Surginer married Mary West Boykin, the widowed daughter of William West of Beaufort County, sometime before 1744. He was survived by his wife and their three children: Jacob, Ann, and Tamar.
C. Edwin Barrows, ed., "Diary of John Comer," Collections of the Rhode Island Historical Society 8 (1893).
Lemuel Burkitt and Jesse Read, Concise History of the Kehukee Baptist Association (1850).
Morgan Edwards, "Materials Toward a History of the Baptists of North Carolina" (Furman MS) and "Tour . . . to the Baptists of North Carolina, 1772–1773" (Crozer MS) (microfilm, North Carolina Collection, University of North Carolina, Chapel Hill).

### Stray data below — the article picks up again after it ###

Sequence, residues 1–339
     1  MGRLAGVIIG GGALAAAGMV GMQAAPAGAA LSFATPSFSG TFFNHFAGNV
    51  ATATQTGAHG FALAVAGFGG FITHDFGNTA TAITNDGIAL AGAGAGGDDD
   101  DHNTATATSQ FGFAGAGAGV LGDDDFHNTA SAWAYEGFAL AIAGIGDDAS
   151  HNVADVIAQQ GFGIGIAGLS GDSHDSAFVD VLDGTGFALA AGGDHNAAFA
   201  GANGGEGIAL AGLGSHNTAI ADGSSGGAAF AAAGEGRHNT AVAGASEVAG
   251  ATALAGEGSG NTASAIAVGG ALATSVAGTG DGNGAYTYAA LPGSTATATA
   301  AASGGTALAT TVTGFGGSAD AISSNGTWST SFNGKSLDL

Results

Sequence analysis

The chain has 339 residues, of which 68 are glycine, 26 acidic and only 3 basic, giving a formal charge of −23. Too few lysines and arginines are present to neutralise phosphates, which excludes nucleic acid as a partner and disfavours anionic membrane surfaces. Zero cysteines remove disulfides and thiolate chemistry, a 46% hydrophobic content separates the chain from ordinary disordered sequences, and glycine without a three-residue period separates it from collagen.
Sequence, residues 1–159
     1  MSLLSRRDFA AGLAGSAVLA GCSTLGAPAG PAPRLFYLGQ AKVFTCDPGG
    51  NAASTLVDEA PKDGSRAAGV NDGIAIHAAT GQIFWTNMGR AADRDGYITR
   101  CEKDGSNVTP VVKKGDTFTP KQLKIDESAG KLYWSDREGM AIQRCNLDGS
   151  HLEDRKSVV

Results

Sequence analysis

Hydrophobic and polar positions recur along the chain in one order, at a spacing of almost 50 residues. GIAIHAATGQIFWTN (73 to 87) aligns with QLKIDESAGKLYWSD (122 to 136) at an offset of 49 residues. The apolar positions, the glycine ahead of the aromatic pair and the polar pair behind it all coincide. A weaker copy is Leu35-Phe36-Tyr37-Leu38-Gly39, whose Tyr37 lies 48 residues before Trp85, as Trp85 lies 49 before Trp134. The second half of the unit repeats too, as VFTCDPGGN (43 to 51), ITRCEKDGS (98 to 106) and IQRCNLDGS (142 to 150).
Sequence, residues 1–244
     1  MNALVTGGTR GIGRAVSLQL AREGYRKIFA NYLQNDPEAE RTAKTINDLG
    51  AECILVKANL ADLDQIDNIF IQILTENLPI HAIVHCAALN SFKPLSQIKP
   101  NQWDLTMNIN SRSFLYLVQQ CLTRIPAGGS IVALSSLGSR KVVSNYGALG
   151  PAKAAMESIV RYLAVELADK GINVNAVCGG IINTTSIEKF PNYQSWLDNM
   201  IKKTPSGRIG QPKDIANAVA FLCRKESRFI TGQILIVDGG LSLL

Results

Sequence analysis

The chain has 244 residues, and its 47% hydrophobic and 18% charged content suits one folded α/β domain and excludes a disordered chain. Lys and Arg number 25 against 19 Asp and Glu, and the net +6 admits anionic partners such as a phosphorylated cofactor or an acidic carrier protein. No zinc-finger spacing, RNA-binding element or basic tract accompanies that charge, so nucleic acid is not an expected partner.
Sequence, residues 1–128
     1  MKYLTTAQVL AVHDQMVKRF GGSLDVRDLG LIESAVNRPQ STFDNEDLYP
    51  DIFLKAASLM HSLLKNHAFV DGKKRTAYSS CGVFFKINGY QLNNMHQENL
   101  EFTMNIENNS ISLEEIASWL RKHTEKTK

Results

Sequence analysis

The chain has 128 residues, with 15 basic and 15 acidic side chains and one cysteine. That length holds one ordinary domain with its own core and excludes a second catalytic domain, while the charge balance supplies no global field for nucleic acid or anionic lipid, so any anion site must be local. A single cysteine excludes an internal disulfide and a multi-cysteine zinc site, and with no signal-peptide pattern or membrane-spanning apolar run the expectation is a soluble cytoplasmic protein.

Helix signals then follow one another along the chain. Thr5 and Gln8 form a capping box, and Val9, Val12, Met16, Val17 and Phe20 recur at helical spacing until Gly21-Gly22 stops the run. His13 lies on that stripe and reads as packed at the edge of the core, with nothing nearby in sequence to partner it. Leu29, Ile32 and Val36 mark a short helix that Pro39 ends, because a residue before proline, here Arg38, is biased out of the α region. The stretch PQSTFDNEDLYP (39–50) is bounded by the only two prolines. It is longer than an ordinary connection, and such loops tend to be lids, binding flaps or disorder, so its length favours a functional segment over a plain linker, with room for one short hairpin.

Sylvester Hassell, History of the Church of God from the Creation to A.D. 1885 (1886).
Margaret M. Hofmann, comp., Province of North Carolina, 1663–1729: Abstracts of Land Patents (1979), Colony of North Carolina, 1735–1775: Abstracts of Land Patents, 2 vols. (1982), and Abstracts of Deeds, Edgecombe Precinct, Edgecombe County, North Carolina (1969).
George W. Paschal, History of North Carolina Baptists, vol. 1, 1663–1805 (1930).
1 January 1994 | Stevenson, George